Meghalaya Current Affairs - 2019
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Meghalaya became 1st state in India to ensure conservation of water and have its own State Water Policy. This move comes following a nod given by State Cabinet for the purpose.
The draft policy was approved by Meghalaya’s State Cabinet in a meeting chaired by state’s Chief Minister Conrad K. Sangma.
Amid water crisis in country, this draft water policy of Meghalaya would work towards addressing water issues, conservation, and protection of water sources in state.
About ‘State Water Policy’ of Meghalaya
- To recognize water resources as a common pool resource (CPR) as these are susceptible to overuse
- To provide safe and hygienic water for drinking, domestic needs and sanitation
- Livelihood development to all residents of state
Community Participation: Among other things, draft State Water Policy of Meghalaya seeks to protect and improve management of water resources while actively involving community participation.
Policy intends to achieve sustainable development, management and use of water resources with help of community participation. This will help improve health and livelihood as well as reduce vulnerability among people.
At village level committees will be formed and issue of groundwater will also be catered by this policy. Also, state department will also monitor quality of the water to check if it has a high Iron content or if it’s acidic.
Protecting Catchment Areas: Policy also seeks to ensure protection and conservation of catchment areas of all water sources in state so as to prevent degradation of quantity and quality of water sources. It also outlines issue of river pollution.
Implementation: For the purpose of implementation of the policy via active participation of the community a Water Sanitation Village Council at the village level would be constituted.
This policy would go long way in changing mindset of people and proper utilization of water.
It will also assure of good governance for present and future generations via Integrated Water Resources Management and Environmental Sustainability
Tags: Catchment Areas • Common Pool Resource • Conrad K. Sangma • Environmental Sustainability • Integrated Water Resources Management • Meghalaya • State Water Policy • Water Conservation • Water Pollution
Supreme Court of India has directed Meghalaya state government to deposit Rs.100 crore fine imposed on it by National Green Tribunal (NGT) for failing to curb illegal coal mining with Central Pollution Control Board (CPCB).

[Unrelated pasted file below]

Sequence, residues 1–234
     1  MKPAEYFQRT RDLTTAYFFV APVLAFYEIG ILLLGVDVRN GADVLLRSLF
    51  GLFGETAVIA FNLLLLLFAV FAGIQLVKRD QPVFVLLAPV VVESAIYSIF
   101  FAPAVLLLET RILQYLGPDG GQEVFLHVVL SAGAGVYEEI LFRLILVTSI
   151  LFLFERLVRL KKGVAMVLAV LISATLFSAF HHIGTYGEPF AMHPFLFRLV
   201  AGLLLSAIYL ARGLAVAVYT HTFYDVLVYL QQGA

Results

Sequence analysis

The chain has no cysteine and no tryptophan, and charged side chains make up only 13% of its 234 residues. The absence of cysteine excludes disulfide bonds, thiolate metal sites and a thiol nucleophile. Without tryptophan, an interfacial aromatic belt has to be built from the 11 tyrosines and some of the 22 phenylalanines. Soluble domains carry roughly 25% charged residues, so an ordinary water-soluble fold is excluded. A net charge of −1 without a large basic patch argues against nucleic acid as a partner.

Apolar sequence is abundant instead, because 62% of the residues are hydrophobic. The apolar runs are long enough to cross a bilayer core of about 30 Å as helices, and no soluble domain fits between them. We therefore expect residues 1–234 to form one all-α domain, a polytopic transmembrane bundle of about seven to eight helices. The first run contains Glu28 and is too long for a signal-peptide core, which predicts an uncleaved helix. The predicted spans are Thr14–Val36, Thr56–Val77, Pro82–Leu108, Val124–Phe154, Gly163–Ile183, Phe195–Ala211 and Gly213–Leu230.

Key Highlights of Judgement
A SC bench of Justice Ashok Bhushan and Justice K M Joseph has directed state administration to hand over illegally extracted coal to Coal India Limited (CIL) which will auction it and deposit the funds with state government.
SC upheld that as per statutory regime brought in force by notification of 15 January 2016 issued under Environment (Protection) Act (EPA) 1986, environmental clearance was required for a project of coal for mining of any extent of area.
SC bench also acknowledged that since Meghalaya has very limited sources of revenue and it allowed it to transfer Rs.100 crore to CPCB would be used for restoration work from Environment Protection and Restoration Fund (EPRF).
Evidence: Allegations of environmental degradation by illegal and unregulated coal mining has taken place in Meghalaya were fully proved from report of Meghalaya State Pollution Control Board, report of committee headed by former High Court Judge B P Katakey (or Katakey Committee), and report of experts, which all proved environmental degradation of water, air and surface.
Coal lying in Open: SC clarified that all extracted coal as assessed by Meghalaya government lying in different districts which as per order of NGT is in custody of state shall be handed over to Coal India Ltd. (CIL) for proper disposal. Katakey Committee after discussion with CIL and Meghalaya shall formulate a mechanism for transport, weighment of all assessed coal. The apex court had earlier refused to allow miners to transport extracted coal lying at various sites in Meghalaya.
Allowed Sites: SC bench has allowed mining operation to go on in Hills districts of Meghalaya on either privately or community owned land, but it is subjected to lease or required permissions from concerned authorities.
On 13 December 2018, total of 15 miners were trapped in an illegal coal mine in East Jaintia Hills district of Meghalaya, about 3.7 km deep inside a forest, when water from nearby Lytein river gushed into it. So far only two bodies have been recovered from mine.
Tags: Central Pollution Control Board • Coal India Ltd • Environment (Protection) Act 1986 • Environment Protection and Restoration Fund • Illegal Coal Mining • Katakey Committee • Lytein river • Meghalaya • National Green Tribunal • NGT Fine